A brief glance down the list of past winners of the French Open makes for difficult viewing for British tennis aficionados, but there is always hope those fortunes could change in Paris next month.
You have to go back all the way to 1935 when Fred Perry was crowned champion to find the last British men's singles winner, while Sue Barker was the last British female to be crowned French Open champion in 1976.
Andy Murray came closest to stopping the rot in 2016 but ultimately proved no match for Novak Djokovic in the final and has probably missed his chance now at 36 years of age.
However, world number 13 Cameron Norrie, Dan Evans and Jack Draper are three other Britons capable of going on a deep run in the French capital.
The absence of 2021 US Open heroine Emma Raducanu, who is to miss the French Open and Wimbledon after undergoing minor surgery on both hands and her ankle, means it could be left down to the men to carry the flag for Britain.
|What||2023 French Open|
|When||Sunday 28th May - Sunday 11th June 2023|
|How to watch||bet365 Sports Live Streaming and Eurosport|
|Odds||Men's Outright: Carlos Alcaraz 5/4, Novak Djokovic 11/5, Rafael Nadal 4/1|
Women's Outright: Iga Swiatek 4/6, Aryna Sabalenka 6/1, Elena Rybakina 14/1
Norrie made his first Grand Slam semi-final at last season's Wimbledon and there is every hope that in the campaigns to come he can go on and make a Major final.
Whether that is at this year's French Open remains to be seen as he has yet to go beyond the third round in five previous trips to Paris.
The presence of Carlos Alcaraz, Novak Djokovic and Rafael Nadal makes things tougher for the 27-year-old, but he should be buoyed by his clay-court performances this season.
Having finished runner-up to Alcaraz on clay in the Argentina Open in February, Norrie went one better next time out by beating the impressive Spanish youngster on the slower surface in Rio de Janeiro.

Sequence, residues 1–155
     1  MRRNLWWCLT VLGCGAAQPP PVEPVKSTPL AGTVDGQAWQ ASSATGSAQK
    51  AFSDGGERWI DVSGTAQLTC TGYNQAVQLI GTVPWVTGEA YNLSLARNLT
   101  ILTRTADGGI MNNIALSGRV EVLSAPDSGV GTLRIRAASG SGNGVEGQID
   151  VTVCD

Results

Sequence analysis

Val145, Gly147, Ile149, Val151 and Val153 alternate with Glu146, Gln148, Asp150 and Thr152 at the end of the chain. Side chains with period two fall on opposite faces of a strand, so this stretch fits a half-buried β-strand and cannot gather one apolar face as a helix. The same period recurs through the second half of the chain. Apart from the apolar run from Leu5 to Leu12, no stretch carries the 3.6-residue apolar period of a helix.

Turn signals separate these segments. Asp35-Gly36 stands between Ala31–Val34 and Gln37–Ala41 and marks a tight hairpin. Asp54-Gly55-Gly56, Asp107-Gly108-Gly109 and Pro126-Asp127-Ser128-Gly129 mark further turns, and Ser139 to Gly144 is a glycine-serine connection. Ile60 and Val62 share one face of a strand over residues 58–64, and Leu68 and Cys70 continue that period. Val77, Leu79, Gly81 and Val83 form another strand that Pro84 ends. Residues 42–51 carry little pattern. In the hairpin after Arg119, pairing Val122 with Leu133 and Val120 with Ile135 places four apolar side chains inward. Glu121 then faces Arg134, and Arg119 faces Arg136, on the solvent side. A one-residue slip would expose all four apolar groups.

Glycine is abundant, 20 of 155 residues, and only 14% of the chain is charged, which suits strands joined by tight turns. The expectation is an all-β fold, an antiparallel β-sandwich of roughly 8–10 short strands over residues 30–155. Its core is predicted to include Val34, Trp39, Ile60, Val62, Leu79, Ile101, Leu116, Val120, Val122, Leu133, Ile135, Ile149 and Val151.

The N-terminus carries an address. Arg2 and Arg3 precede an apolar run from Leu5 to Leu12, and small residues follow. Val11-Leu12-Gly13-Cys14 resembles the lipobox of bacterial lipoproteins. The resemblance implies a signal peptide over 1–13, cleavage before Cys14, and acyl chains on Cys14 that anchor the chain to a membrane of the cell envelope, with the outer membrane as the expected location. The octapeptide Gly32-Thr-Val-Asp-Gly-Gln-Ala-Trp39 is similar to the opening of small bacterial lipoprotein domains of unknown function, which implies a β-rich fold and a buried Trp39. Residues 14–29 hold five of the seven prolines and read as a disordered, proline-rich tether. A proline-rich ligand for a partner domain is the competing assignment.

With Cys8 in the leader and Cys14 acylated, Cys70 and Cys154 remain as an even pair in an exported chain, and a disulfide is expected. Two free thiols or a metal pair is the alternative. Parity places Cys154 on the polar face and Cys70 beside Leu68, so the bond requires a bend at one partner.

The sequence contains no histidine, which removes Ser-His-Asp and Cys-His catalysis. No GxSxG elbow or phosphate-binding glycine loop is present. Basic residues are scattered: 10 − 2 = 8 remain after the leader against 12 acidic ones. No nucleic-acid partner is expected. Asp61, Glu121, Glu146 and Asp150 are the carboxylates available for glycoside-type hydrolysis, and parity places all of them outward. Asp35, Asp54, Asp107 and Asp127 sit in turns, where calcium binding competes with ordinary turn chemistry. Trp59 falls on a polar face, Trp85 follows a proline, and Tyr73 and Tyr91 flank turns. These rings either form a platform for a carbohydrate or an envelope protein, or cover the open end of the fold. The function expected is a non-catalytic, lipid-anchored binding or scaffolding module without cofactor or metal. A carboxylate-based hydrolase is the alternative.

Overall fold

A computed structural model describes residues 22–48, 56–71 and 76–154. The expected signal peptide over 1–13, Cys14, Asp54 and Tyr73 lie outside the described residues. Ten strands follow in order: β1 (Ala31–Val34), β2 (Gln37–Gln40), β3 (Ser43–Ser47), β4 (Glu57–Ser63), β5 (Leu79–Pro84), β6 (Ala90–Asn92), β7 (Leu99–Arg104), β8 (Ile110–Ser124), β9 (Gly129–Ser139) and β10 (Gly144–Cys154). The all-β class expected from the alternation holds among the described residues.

That shows Norrie is capable of producing world-class performances on the clay and now at world number 13, the Briton is established among the game's elite.
Recent performances have been slightly underwhelming but the South African-born star is a five-time winner on the ATP Tour and is the shortest priced of the British contenders at 66/1.
Having risen to world number 24, Evans has put his past problems behind him and has been back showing what a talented player he is.
To suggest the 32-year-old can win a Grand Slam title may be a step too far given he has never gone beyond the fourth round in one, but the Briton is certainly capable of putting up a strong display in Paris.
Evans has won only one title on the ATP Tour and that came in an Australian Open warm-up event on a hard court in Melbourne in 2021.
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But there is nothing wrong with his clay-court game and that has been evident this season. Not only did the Birmingham man reach the semi-final of a minor clay event in Marrakech in April, but he built on that with a run to the last four in Barcelona later that month.
Having recorded respectable wins over Karen Khachanov and Francisco Cerundolo, Evans bumped into eventual champion Alcaraz in that Spanish event.
However, it was a fine effort and he is 200/1 to reign supreme in Paris.
While Norrie and Evans remain relatively unproven at Grand Slam level, Scottish veteran Murray has been there and done it, having won three Major titles.
Twice a winner on the grass of Wimbledon and also the US Open champion in 2012, clay may be the weakest of Murray's surfaces but that didn't stop him finishing runner-up to Djokovic in 2014.
Now 36 years of age, Murray is evidently not the force he once was but he is back at world number 42 and did win a clay Challenger event at the expense of Tommy Paul in Aix-en-Provence, France, earlier this month.
That was a first title success since 2019 for the Scot and shows plenty of hunger and desire remains, something that should stand him in good stead in Paris.
Murray did lose in the opening round in Rome most recently, but with a decent draw he would still be capable of putting up a bold show in the French capital. The former British number one has reached the semi-final in Paris on five occasions but is set for only his second appearance in the tournament in the last six seasons.
Murray is 100/1 to roll back the years and win the French Open next month.
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